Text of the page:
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A Study of the Correlates of Vocational Bias in Elementary Students

Description: The purpose of this study was to determine if any correlation exists between the presence of vocational bias in elementary students and (1) the presence of bias in the textbooks they use, (2) father's occupation, (3) student grade level, (4) level of intelligence, and (5) sex of the student. The population for the study consisted of 368 kindergarten, third-grade, and sixth-grade students from two North Texas school districts. The instrument used to measure student vocational bias was the Were I a Worker attitude inventory developed by P. K. Yonge Laboratory School at the University of Florida under the direction of the Fusion of Applied and Intellectual Skills Research Project. The instrument used to categorize the father's occupations into professional and non-professional groups was the "Two-Factor Index of Social Position" developed by A. B. Hollingshead. The data were collected by having each student respond to the attitude inventory under the supervision of the participating classroom teacher. In addition, the student's I.Q., grade level, sex, and father's occupation were recorded on the test booklet. A notation was also placed on each instrument indicating the type of textbook used by that student. After all the data were collected, the attitude inventory was hand scored and the results were recorded on data sheets along with the student information involving the other variables. All statistical computations necessary to this study were done by the North Texas State University Computer Center. Two statistical tests were used to check for relationships between student vocational bias and the other variables being examined. A t-test analysis was used to test for significant differences, and multiple regression analysis was done to more accurately determine what impact the various variables had on vocational attitudes.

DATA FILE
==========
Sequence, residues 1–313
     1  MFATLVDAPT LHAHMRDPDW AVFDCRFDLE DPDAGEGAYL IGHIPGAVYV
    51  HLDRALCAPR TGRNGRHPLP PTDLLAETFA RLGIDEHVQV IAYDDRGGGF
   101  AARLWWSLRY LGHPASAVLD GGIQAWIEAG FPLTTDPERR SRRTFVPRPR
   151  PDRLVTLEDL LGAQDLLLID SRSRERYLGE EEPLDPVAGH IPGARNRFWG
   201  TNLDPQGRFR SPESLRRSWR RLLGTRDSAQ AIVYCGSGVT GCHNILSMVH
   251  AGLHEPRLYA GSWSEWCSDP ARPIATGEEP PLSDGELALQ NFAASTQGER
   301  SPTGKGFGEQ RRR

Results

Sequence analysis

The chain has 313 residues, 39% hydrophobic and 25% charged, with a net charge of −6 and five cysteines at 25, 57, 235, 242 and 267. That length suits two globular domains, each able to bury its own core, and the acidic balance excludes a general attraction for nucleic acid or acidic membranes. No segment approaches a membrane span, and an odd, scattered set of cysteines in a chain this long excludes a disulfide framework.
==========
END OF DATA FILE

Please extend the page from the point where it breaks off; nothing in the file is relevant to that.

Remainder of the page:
Date: August 1974
Creator: King, Francis Michael
Partner: UNT Libraries